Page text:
U.K. scientists have shown how induced neural stem cells (iNSCs) derived from skin cells can reduce chronic neuroinflammation in the brains of a mouse model of multiple sclerosis (MS), and could potentially be used to hold back or repair damage to nerve cells and myelin. The University of Cambridge team, co-led by Stefano Pluchino, Ph.D., in the department of clinical neuroscience, demonstrated that injecting either embryo-derived neural stem cells (NSCs) or iNSCs directly into the animals’ cerebrospinal fluid (CSF) led to reduced CSF levels of succinate, which triggered inflammatory macrophages and microglia to switch back into an anti-inflammatory phenotype.

“Our mouse study suggests that using a patient's reprogrammed cells could provide a route to personalized treatment of chronic inflammatory diseases, including progressive forms of MS,” says Dr. Pluchino, lead author of the study.

The interdisciplinary research team, including co-led by Christian Frezza, Ph.D., at the University of Cambridge MRC Cancer Unit, and first author Luca Peruzzotti-Jametti, M.D., a Wellcome Trust Research Training Fellow, report their results in Cell Stem Cell, in a paper entitled “Macrophage-Derived Extracellular Succinate Licenses Neural Stem Cells to Suppress Chronic Neuroinflammation.”

Previous work by the Cambridge team has shown how NSC transplantation can help to reduce inflammation in animal models of inflammatory central nervous system (CNS) disorders. However, to date, NSCs have have been sourced from embryos, which limits their availability for clinical use. Stem cells derived from donors could also potentially trigger the recipient’s immune system to turn against the transplanted cells. More recent work has shown that iNSCs can be derived directly from patients’ own skin cells, suggesting that these autologous iNSCs could represent a valid alternative to NSCs for clinical applications.

Progressive forms of MS are characterized by chronic CNS inflammation, which is sustained by activated inflammatory mononuclear phagocytes (MPs), including microglia and monocyte-derived infiltrating macrophages. The MPs are activated by proinflammatory stimuli that switch their metabolism, triggering the cells to cause inflammatory responses. One of the factors implicated in this metabolic flip is the inflammatory metabolite succinate. “Recent evidence suggests that, within this metabolic rewiring, type 1 inflammatory MPs accumulate succinate, with important pathophysiological implications,”  the authors write. “…metabolism is emerging as an important therapeutic target to modulate the activation of both macrophages and microglia, and succinate-related pathways have key immune modulatory functions for acute and chronic inflammatory diseases.”

Given that NSCs had already been shown to have immune modulatory properties, the team hypothesized that the cells may exert therapeutic effects in chronic neuroinflammation by modulating metabolism of MPs and so reduce their inflammatory activities, which would hold back secondary damage to the CNS. They investigated whether NSC and iNSCs could counteract the metabolic changes in type 1 inflammatory MPs both in vitro and in the experimental autoimmune encephalopmyelitis (EAE) mouse model of MS.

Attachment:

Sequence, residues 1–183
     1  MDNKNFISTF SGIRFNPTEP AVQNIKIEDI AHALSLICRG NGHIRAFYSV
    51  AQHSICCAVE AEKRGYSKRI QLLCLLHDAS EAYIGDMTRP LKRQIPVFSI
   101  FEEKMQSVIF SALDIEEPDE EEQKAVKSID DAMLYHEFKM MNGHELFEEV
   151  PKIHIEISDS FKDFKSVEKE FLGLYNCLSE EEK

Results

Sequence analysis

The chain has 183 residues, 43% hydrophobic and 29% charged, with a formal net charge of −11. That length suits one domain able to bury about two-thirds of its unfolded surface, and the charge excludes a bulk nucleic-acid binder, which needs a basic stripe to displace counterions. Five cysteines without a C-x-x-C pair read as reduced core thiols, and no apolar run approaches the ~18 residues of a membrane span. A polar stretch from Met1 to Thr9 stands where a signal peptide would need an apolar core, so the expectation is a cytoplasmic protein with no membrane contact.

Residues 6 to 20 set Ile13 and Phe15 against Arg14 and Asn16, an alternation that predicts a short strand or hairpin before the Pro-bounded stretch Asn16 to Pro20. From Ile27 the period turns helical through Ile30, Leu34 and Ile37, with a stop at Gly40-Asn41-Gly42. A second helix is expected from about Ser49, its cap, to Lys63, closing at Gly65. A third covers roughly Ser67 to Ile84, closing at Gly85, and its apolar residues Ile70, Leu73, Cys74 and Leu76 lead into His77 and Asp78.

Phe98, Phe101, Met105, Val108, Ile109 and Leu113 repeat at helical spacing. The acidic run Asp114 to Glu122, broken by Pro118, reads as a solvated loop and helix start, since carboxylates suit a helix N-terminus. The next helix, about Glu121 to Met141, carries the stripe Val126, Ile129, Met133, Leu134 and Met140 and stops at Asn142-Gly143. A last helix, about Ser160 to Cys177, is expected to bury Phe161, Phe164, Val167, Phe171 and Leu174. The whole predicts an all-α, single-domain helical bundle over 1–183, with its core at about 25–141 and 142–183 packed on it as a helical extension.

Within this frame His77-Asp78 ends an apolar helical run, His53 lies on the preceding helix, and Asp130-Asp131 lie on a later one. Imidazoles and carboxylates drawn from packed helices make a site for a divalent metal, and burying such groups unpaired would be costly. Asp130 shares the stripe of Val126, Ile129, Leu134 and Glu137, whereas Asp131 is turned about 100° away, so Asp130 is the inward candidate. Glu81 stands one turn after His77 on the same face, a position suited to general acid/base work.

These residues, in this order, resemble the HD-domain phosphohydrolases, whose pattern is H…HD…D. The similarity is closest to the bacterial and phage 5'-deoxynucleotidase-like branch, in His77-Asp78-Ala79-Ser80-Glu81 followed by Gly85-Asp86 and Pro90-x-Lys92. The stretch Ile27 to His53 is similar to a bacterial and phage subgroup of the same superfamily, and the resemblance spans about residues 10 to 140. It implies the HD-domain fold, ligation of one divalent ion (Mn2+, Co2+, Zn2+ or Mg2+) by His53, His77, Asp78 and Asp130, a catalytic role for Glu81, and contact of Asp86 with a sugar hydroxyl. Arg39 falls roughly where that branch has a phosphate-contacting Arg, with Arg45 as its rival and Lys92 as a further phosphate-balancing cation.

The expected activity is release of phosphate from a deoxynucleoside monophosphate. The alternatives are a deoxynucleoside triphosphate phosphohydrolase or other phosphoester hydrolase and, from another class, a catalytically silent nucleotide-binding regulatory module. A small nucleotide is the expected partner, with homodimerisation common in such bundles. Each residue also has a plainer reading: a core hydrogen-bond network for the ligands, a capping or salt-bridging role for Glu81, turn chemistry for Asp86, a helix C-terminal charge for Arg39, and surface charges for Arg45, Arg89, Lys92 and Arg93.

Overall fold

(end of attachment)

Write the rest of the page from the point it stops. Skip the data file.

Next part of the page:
The results showed that injections of either iNSCs of NSCs into the CSF were equally effective at reducing inflammation and damage to nerve axons and myelin. The injected cells induced a specific phenotypic switch of MPs that was associated with reduced levels of succinate in the CSF and reduction in chronic inflammation. The observation that iNSCs were as effective as somatic NSCs was encouraging. “This is particularly promising as these cells could be more readily obtainable than conventional NSCs and would not carry the risk of an adverse immune response,” Dr. Pluchino states.

In vitro analyses using both mouse and human NSCs demonstrated that succinate released by inflammatory MPs activates the succinate receptor 1 (SUCNR1)/GPR91 on the cells, triggering them to secrete prostaglandin E2 and scavenge extracellular succinate, which causes reprogramming of the MPs back to an anti-inflammatory phenotype. In further in vivo studies, transplanted NSCs that were engineered to lack the relevant succinate receptor had only very slight beneficial effects in the EAE mouse models. “These data confirm the requirement of a functional SUCNR1 signaling pathway in the regulation of the anti-inflammatory and neuroprotective effects of NSC transplants in vivo and underline the importance of succinate scavenging as a predominant anti-inflammatory mechanism of action of NSCs,”  the authors claim.

In principle, stem cells have a far more wide-reaching therapeutic potential than either small molecules or biologics, the team comments, and this potential could be exploited to treat inflammatory and degenerative diseases such as MS. “Part drug and part device, stem cells could work as biological disease-modifying agents (DMAs) that sense diverse signals, migrate to specific sites in the body, integrate inputs to make decisions, and execute complex response behaviors in the context of a specific tissue microenvironment. All of these attributes could be harnessed to treat several disease processes, including the persistent MP-driven inflammation and tissue degeneration that occur in progressive MS.

“Our work identifies a novel anti-inflammatory mechanism that underpins the regenerative potential of somatic cells and directly induced NSCs, thus paving the way for a new era of personalized stem cell medicines for chronic inflammatory and degenerative neurological diseases.” they conclude. 

 


 








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